St Mary-at-Hill is a Grade I listed building on Lovat Lane. The founding of the church dates from 12th century though it has been rebuilt and renovated many times since then. It was during one period of renovation that it became linked with Alice Hackney who’s body was found preserved after being buried for nearly two hundred years. Alice also reputedly haunts the church still. Read More »

All Saints Church & The Holbeach Gamblers

There were once four men of Holbeach, by the names of Slator, Watson, Barker and Codling who would, in the closing years of the 18th century, would regularly meet at the Chequers Inn in the town. Their heavy drinking was always accompanied by rowdy gambling over the card table, until, one day in 1793, the death of Mr. Codling put and end to their sport. Read More »

All Saints Church, Alton Priors

The Grade II listed All Saints Church in Alton Priors dates from the 12th century. According to 'A History of the County of Wiltshire: Volume 11' (1980) 'The church of ALL SAINTS, Alton Priors, is built of freestone, rubble, and red brick and has a chancel, nave, and west tower. The chancel arch survives from the 12th-century church. Read More »

All Saints Church, Nunnington and the Dragon of Loschy Wood

The following account of the legend of the Dragon of Loschy Hill was detailed in the 1888 book ‘Yorkshire Legends and Traditions’ by Rev Thomas Parkinson who quoted his source as being an article entitled Serpent Legends of Yorkshire from the Leisure Hour (May 1878). Read More »

All Saints Vicarage, Bristol

In 1846 the Bristol Times published the following story entitled ‘A Ghost at Bristol’ which concentrated on the vicarage of the Grade II listed All Saints Church, parts of which date back to the 12th Century. Read More »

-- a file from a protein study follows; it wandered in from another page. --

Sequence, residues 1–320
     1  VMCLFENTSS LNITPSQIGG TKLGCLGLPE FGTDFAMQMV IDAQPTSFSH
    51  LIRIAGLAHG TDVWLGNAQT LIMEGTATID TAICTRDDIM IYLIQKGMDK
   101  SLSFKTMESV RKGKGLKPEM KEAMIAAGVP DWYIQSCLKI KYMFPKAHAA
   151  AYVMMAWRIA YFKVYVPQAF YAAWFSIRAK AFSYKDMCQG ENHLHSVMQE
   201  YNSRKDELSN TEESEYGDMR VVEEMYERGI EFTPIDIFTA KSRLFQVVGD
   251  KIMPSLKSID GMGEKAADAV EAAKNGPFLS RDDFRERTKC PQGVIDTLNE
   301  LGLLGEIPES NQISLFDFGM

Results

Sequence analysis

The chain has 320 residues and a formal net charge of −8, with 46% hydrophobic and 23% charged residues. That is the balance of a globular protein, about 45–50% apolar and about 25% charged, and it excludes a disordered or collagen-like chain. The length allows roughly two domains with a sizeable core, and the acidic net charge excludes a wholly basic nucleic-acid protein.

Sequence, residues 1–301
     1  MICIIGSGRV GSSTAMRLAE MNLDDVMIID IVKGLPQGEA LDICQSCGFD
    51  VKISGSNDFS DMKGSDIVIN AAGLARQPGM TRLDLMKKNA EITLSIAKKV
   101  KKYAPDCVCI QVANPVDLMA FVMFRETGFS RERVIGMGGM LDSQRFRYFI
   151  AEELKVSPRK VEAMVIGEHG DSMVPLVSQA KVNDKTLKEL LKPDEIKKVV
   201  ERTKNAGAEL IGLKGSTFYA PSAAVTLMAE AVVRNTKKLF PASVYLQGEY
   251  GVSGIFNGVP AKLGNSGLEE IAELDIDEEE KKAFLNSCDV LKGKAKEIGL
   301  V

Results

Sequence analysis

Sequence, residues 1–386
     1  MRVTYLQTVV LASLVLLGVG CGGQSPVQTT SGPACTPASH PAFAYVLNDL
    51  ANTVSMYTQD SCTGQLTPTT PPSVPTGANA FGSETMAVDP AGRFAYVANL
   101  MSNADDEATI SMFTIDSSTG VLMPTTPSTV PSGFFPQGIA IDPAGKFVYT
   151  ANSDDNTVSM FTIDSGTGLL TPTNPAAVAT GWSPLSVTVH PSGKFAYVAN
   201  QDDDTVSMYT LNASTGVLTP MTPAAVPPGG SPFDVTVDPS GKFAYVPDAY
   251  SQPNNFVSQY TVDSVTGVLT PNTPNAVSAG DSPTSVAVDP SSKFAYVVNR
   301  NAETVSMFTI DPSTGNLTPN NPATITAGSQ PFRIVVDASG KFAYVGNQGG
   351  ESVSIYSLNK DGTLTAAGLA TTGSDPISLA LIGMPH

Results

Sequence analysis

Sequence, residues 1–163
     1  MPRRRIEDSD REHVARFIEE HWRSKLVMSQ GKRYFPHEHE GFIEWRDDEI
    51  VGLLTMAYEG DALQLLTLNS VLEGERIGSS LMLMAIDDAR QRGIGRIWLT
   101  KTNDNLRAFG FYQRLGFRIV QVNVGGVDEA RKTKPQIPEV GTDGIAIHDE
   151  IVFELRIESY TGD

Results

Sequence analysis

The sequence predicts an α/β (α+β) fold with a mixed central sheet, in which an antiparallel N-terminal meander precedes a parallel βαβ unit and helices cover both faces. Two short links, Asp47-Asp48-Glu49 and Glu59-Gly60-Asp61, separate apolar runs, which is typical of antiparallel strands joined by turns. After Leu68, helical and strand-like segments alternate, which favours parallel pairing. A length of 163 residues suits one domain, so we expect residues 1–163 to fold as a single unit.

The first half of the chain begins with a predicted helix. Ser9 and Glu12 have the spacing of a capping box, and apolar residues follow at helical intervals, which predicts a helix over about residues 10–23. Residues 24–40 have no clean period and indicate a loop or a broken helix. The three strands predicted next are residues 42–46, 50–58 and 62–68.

Allendale Tar Barrel Burning

31 December - A version of burning out the old year, locals walk down the street with blazing tar barrels on their heads. Some of these are then thrown to light a bonfire.

Altarnun Holy Well

A holy well can be found at Altarnun dedicated to Saint Non (also known as Nonna or Nonnita), along with a nearby church. As with many ancient wells, this one is reputed to have healing properties, this time madness.

Althorp

Built by Robert Spencer, 2nd Earl of Sunderland (Born 5 September 1641 – Died 28 September 1702) in 1688, the Grade I listed Althorp House and estate is the ancestral home of the Spencer family. Read More »

Alton Barnes White Horse

The Alton Barnes white horse dates from 1812 and can be found on a slope facing southeast between Milk Hill (one of the highest points in Wiltshire) and Walkers Hill, nearly a mile north of Alton Barnes. Measuring 160 feet by 166 feet, the horse was commissioned by Robert Pile from Manor Farm in Alton Barnes and designed by John Thorne (Jack the Painter). Read More »

Alveston Black Dog

Roy Palmer in his 1976 book ‘The Folklore of Warwickshire’ tells us that within living memory a black dog that was seen running down a hill and transformed into a woman. ‘Charles Walton, a ploughboy at Alveston, met a dog on the way home on nine successive evenings. Read More »

An Interview With Andrew Homer

Andrew Homer

Following the recent release of 'Haunted Hostelries of Shropshire', published by Amberley Press and featuring some of the best haunted pubs and hotels in and around the county, I took the opportunity to put a few questions to its author, Andrew Homer, who I've known for several years now after we served together on the board of directors of ASSAP (The Association for the Scientific Study of Anomal Read More »

The Angel Hotel, Lymington

The pub is reputed to be haunted by two ghosts. One is the tall ghost of a seaman, dressed in a naval coat, and the other is thought to be that of a coachman, who is seen standing looking out of the kitchen window. The hotel was an old coaching Inn, and was used by the local shipbuilders as a hostelry.

Anna Maria Porter’s Experience, Esher

Anna Maria Porter

John Ingram in his ‘The Haunted Homes and Family Traditions of Great Britain’ (1897) recounts a reported experience by the authoress Anna Maria Porter (also referred to as 'L'Allegra') (born 1780 – died 1832). Born in Durham and spending her earliest years in Edinburgh, Anna’s family moved to London sometime in the 1790’s. Read More »